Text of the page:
It is time for another installment of #architalks. Architalks is a blog series where a group of architect bloggers do a coordinated post on a specific topic. Architalks is the brainchild of Bob Borson, if you haven't already, you should read his page at, it is amazing. This is the 22nd post in the series, so by now you would think that we should all be getting the hang of this. Check out all of the links at the bottom of the page to see if that is true. If nothing else you will get a really good cross section of thoughts on a particular topic.

This time around we are all giving a little perspective on what we thought practicing architecture would be like when we got done with college vs. the reality of practice. I am not a psychic, but I am pretty sure that there will be a lot of people who are going to say that the art of actual practice is tremendously different than they thought it was going to be at the end of architecture school. I know that is what I am going to be talking about.

First of all, I have got to say “I loved architecture school.” And I was decent at it. The hope that is inherent in the first steps of turning an abstract thought into a design really filled my bucket, so to speak. I loved, and still love, talking about design concepts and if a specific choice is reinforcing the overall concept. Another of the things that I really loved was seeing the vastly different approaches that could come from the same set of problems. All that said, when I was finishing college I really stood at a fork in the road. I had high interest in creating renderings and living mostly in the digital world, but I also wanted to be able to see my ideas get built. In the end I decided that I could go the route to becoming a licensed architect and if I didn’t like it switching to visualization could happen easily. But if I went the rendering route it would be really hard to transition back to the architect path.


I chose to go the architect path, and almost nine years later I am glad that I did. When leaving school I knew that there was a lot more to architecture than just the pretty pictures and big ideas of college, but what I didn’t realize is that (at least in the ways I have practiced) those things are a very small part of my work. For a lot of my career I was a small cog in a big machine that was focused on designing schools. The schools were well built, award winning projects, but for the most part we were focused on budget and program, having an overall unifying theme that was imbued within the building was not discussed.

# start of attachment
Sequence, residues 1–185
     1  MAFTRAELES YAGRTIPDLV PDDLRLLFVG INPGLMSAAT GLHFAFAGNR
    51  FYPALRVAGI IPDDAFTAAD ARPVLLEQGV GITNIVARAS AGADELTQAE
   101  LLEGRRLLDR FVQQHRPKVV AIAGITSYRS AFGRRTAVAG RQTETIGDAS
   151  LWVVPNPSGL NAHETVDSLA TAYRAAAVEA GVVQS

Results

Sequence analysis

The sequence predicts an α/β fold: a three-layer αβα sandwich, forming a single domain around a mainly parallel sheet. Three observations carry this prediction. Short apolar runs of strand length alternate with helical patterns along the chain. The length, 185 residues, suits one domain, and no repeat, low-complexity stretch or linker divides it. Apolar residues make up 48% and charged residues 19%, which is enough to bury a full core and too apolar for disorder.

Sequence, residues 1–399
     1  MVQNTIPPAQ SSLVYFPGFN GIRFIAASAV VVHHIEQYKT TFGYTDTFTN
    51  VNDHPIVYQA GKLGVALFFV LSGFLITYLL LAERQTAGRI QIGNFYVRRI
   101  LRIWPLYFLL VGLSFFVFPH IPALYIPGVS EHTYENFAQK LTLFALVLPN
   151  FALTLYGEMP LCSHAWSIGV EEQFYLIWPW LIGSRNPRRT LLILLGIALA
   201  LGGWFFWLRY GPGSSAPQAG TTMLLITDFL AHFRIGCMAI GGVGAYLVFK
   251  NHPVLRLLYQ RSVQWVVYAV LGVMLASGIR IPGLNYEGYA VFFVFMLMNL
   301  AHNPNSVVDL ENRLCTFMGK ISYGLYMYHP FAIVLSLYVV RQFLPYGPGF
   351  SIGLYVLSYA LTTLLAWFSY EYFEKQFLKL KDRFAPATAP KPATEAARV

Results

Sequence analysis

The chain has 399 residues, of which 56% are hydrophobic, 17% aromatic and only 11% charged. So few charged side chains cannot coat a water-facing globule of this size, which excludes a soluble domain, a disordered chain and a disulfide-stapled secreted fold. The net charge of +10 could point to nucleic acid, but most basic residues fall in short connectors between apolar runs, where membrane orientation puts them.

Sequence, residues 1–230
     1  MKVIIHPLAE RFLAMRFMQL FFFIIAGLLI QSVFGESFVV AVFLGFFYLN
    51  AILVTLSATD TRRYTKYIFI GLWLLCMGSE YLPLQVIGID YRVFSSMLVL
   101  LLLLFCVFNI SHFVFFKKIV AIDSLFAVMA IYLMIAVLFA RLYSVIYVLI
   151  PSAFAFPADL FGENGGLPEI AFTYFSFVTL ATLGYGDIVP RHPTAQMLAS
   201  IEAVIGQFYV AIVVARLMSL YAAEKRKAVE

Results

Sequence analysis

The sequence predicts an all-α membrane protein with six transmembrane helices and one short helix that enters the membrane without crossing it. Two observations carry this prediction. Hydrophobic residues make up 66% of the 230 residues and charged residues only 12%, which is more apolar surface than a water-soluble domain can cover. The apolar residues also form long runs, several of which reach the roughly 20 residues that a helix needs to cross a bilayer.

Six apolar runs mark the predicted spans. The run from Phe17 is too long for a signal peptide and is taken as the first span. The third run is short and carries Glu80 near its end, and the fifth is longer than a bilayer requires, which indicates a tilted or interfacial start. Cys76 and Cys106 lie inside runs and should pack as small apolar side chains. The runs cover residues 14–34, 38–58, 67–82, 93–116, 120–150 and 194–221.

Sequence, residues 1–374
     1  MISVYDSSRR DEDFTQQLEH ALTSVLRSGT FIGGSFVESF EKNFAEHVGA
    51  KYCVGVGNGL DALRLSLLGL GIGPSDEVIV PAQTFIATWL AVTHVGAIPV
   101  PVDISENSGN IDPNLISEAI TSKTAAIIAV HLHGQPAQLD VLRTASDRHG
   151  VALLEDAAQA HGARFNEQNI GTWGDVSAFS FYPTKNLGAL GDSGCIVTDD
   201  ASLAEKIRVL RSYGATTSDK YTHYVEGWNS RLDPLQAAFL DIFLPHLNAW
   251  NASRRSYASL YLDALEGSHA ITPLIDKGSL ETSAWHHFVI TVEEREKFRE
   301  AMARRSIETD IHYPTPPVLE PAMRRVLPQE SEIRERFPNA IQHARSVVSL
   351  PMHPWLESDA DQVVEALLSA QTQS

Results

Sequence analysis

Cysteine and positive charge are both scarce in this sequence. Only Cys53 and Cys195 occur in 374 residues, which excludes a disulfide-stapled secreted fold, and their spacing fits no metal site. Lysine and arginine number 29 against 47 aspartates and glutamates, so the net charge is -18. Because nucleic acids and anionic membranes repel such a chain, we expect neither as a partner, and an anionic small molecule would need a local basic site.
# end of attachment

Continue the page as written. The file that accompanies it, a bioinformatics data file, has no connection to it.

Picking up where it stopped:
Even on the projects where “design” (like I thought about design in college) was a high priority, it still is only 5-10 percent of the work that goes into making a coordinated set of drawing from which a building can be constructed. In the modern world the actual role of “master builder” doesn’t exist (if it ever did), but I get more satisfaction out of my work when I am immersed in the complexities of a project. Knowing how the ducts are going to go from one area to the next, while staying hidden, it just as important as the color of the brick, maybe more.

So, how is practice different than I thought it would be when I finished college? To be honest it is about exactly the opposite of what I thought it was going to be. I used to think it was going to be 95% design-work 5% work-work. After a few years of reviewing submittals, answering RFIs, and talking about duct pathing I realize that it is more like 95% work-work 5% design-work. But it is also way more enjoyable than I thought it would be.

I can think of very few things that are more gratifying that walking into a space that had its kernel of beginning in my head, and a lot of that joy comes from being a part of the immense journey that has transpired from the time that idea was born until it is a finished space. There are countless, seemingly small, decisions that need to happen for the little vision to become a heated, cooled, lighted, structurally sound moment for people to enjoy for many years to come.

Please take a minute to review the other architalk posts and see how everyone else has fared on the perception vs the reality of practicing architecture.

Bob Borson - Life of An Architect (@bobborson)

Matthew Stanfield - FiELD9: architecture (@FiELD9arch)
Where It All Went Right

Marica McKeel - Studio MM (@ArchitectMM)
From Then to Now...Residential Architect

Jeff Echols - Architect Of The Internet (@Jeff_Echols)
Well, How Did I Get Here

Mark R. LePage - EntreArchitect (@EntreArchitect)
The Biggest Surprise of My Life as an Architect

Lora Teagarden - L² Design, LLC (@L2DesignLLC)
Then & Now...and the middle

Nicholas Renard - Renard Architecture (@dig-arch)
15 Years of Architecture

Jeremiah Russell, AIA - ROGUE Architecture (@rogue_architect)
then and now: #architalks

Eric T. Faulkner - Rock Talk (@wishingrockhome)

Stephen Ramos - BUILDINGS ARE COOL (@sramos_BAC)
Big Ass Buildings

brady ernst - Soapbox Architect (@bradyernstAIA)
Pens & Fizzy Drinks: Or How to Set Measurable Career Goals

Brian Paletz - The Emerging Architect (@bpaletz)
How did I get here?

Michael LaValley - Evolving Architect (@archivalley)
Reflection on My Wonderful, Unexpected Career

Emily Grandstaff-Rice - Emily Grandstaff-Rice FAIA (@egrfaia)
Being the light in darkness

Anthony Richardson - That Architecture Student (@thatarchstudent)
Then and Now

Kyu Young Kim - Palo Alto Design Studio (@sokokyu)
Career Path: Follow Your Heart

Nisha Kandiah - TCDS (@SKRIBBLES_INC)
Then & Now : Still Chasing the Dream

Jim Mehaffey - Yeoman Architect (@jamesmehaffey)
The Reluctant Code Guru

Tim Ung - Journey of an Architect (@timothy_ung)
10 Lessons Learned from a Young Architect

Mark Stephens - Mark Stephens Architects (@architectmark)
#Architalks 22 - Then and now